Can UNCAC address grand corruption?
The political economies of many developing countries are characterised by varying degrees of patronage and state capture, a reality that has far-reaching implications for measures addressing corruption. Political strategies in such contexts often include maintaining political and economic power through personalised relations and seeking to influence political decisions for the benefit of an individual or group. Gaining and retaining power within these systems is a resource-intensive process, and corruption is a common way to sustain extensive power networks.
This report asks whether this insight has found its way into one of the most important current anti-corruption instruments, the United Nations Convention against Corruption (UNCAC). Analysis of the Convention itself and implementation efforts in Bangladesh, Indonesia and Kenya suggest that UNCAC is only partly suited to address the political nature of corruption, especially if not complemented by further reform measures.
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Marijana Trivunovic, Nils Taxell, Jesper Johnsøn, Rita de Cássia Biason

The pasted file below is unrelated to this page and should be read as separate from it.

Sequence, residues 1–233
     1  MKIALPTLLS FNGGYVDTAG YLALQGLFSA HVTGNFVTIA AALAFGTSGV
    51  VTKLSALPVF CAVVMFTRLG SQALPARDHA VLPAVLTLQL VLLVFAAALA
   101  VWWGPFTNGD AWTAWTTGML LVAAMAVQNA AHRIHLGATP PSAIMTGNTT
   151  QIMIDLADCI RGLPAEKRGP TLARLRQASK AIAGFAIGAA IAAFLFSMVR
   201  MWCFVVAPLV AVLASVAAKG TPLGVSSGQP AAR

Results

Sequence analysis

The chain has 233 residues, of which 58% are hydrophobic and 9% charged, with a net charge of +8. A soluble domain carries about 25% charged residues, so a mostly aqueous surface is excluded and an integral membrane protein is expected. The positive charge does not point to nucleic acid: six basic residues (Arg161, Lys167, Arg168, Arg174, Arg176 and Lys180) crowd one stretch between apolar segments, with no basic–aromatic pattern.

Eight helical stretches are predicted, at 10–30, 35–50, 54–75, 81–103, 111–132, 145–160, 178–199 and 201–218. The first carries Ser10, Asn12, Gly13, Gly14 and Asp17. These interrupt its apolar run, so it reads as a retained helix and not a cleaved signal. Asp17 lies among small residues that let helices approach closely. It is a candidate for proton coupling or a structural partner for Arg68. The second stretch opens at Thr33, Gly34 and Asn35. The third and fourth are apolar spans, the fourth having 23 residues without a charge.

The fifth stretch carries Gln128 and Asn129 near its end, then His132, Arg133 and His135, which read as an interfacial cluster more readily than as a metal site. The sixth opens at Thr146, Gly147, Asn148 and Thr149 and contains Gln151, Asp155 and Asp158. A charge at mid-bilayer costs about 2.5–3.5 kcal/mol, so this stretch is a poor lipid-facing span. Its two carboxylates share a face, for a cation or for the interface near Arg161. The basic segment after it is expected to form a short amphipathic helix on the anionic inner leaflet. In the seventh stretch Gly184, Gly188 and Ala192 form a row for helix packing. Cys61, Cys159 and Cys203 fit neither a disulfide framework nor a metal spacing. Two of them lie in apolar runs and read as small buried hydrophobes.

Is mutual accountability feasible? A conceptual discussion with policy implications
Hannes Hechler, Arne Tostensen
La CNUCC en bref: Guide pratique sur la Convention des Nations Unies contre la corruption à l'intention des membres du corps diplomatique et des organismes donateurs
An ambassador's guide to the United Nations Convention against Corruption
Will REDD+ safeguards mitigate corruption? Qualitative evidence from Southeast Asia
Aled Williams, Kendra Dupuy
The Journal of Development Studies
Third independent review of the Indonesia-Norway cooperation on reducing greenhouse gas emissions from REDD+
Julian Caldecott, Avi Mahaningtyas, Brendan Howard, David Williams and Philippa Lincoln
Understanding effects of corruption on law enforcement and environmental crime
David Aled Williams
Building accountable resource governance institutions
David Aled Williams